In Wray's atlas, the ring of the galaxy is quite invisible. In his atlas, the galaxy looks like three almost equally bright marbles in a row, the central one yellow, the two others blue.






















4) This is the galaxy with the fantastic jet, IC 1182. This galaxy also displays a tidal feature(?) in not quite the opposite direction. To me, this jet, combined with the other feature, reminds me of giant elliptical galaxy M87. I can't believe that IC 1182 is even remotely as big or massive as M87, but even so, the fantastic jet clearly suggests that the black hole of this galaxy has recently received a healthy helping of fresh material to both swallow and spit out. Compare the picture I posted with an SDSS image of IC 1182.


5) The last galaxy pair that I wanted to show you is IC 1178 and IC 1181. None of these galaxies has any reservoir of gas or any star formation, but one or both of them is a lenticular galaxy, which means it has a disk but no gas or star formation. When two such galaxies collide, they can create almost spiral-like tidal features made up entirely of stars (and planets), but due to the lack of gas, the collision doesn't lead to any star formation at all. This is called a"dry merger".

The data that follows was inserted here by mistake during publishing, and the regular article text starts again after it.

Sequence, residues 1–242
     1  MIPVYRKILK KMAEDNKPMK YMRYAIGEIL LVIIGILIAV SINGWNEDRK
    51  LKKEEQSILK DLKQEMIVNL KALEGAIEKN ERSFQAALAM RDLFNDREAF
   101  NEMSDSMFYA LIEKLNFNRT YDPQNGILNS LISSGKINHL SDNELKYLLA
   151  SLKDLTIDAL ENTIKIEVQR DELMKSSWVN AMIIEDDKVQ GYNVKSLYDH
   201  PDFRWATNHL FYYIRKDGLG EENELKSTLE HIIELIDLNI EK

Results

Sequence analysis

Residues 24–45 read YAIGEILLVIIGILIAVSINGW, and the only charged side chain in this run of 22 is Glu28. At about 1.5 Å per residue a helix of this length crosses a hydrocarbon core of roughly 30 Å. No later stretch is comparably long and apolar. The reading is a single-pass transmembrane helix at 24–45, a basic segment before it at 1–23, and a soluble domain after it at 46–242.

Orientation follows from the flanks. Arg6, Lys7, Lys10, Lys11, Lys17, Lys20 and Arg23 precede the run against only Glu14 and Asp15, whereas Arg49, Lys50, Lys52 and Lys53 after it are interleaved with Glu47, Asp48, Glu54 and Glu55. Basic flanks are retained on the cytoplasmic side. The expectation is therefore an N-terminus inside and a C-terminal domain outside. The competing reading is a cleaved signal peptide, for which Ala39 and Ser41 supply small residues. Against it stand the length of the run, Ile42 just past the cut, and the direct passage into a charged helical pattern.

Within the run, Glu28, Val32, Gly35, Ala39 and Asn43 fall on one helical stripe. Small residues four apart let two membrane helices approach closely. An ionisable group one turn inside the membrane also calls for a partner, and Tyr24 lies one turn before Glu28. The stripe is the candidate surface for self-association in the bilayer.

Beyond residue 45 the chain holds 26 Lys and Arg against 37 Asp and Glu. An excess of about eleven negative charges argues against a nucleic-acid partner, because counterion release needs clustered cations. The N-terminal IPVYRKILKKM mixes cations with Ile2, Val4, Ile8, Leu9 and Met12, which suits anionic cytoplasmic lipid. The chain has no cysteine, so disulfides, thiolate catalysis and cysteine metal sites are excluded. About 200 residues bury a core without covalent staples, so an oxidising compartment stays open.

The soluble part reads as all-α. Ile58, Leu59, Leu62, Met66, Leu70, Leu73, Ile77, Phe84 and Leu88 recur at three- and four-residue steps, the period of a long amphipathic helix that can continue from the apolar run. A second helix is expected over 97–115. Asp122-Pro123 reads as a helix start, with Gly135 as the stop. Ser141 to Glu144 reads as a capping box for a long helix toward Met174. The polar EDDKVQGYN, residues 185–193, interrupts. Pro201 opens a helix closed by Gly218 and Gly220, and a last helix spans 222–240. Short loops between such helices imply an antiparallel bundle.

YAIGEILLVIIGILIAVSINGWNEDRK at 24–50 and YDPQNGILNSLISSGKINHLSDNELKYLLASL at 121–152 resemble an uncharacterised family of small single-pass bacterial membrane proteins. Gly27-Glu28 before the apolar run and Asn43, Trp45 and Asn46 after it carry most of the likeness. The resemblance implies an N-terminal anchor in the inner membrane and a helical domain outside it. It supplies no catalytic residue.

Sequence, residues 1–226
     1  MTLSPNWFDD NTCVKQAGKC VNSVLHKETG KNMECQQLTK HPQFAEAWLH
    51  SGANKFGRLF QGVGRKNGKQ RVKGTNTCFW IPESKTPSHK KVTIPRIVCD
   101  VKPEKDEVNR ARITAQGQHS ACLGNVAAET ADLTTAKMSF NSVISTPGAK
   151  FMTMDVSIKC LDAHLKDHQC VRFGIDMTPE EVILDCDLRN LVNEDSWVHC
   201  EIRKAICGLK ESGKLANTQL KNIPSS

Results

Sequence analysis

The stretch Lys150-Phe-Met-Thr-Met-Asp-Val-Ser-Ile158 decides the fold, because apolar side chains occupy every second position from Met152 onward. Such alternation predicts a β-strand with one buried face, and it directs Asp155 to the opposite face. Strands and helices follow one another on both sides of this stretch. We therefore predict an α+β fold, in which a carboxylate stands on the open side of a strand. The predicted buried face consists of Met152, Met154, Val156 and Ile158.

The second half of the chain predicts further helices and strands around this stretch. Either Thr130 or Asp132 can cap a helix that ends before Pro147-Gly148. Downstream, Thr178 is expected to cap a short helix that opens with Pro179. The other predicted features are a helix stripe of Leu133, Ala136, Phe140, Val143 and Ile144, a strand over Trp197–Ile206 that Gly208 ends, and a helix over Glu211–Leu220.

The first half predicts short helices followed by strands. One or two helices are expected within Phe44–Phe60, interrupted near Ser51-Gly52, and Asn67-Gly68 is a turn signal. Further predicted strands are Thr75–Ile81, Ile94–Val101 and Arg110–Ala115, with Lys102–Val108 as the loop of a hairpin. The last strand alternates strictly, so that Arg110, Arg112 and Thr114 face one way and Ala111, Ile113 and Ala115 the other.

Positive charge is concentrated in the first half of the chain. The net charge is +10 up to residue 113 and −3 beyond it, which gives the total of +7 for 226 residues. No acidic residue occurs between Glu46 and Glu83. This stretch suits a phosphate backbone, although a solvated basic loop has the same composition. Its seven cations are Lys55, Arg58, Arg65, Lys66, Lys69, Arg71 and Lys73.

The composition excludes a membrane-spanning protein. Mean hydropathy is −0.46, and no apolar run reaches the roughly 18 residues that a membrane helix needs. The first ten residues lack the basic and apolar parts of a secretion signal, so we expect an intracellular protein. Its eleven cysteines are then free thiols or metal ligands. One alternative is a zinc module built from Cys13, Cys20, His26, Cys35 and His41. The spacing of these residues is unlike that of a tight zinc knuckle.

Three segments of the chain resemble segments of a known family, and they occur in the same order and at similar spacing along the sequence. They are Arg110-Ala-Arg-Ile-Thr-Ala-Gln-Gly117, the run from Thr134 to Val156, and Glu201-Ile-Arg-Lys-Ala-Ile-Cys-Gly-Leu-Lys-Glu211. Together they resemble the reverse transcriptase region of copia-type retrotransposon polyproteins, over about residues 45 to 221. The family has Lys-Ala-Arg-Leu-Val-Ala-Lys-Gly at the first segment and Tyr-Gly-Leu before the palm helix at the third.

Ann
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Re: APOD: The Hercules Cluster of Galaxies (2020 Nov 07)

Post by sillyworm 2 » Sat Nov 07, 2020 12:55 pm

Thanks Ann! My favorite subject..Galaxies.Not good with links here..but I found a site( astrophoton.com) that lists IC1182 as a merger.

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Re: APOD: The Hercules Cluster of Galaxies (2020 Nov 07)

Post by orin stepanek » Sat Nov 07, 2020 2:07 pm

Abell2151_Howard_Trottier_2020_FFTelescope1024.jpg

Lotta galaxies= more stars than grains of sand; or something like that! :mrgreen:
💥 🌟 ✨ 💫 ⭐️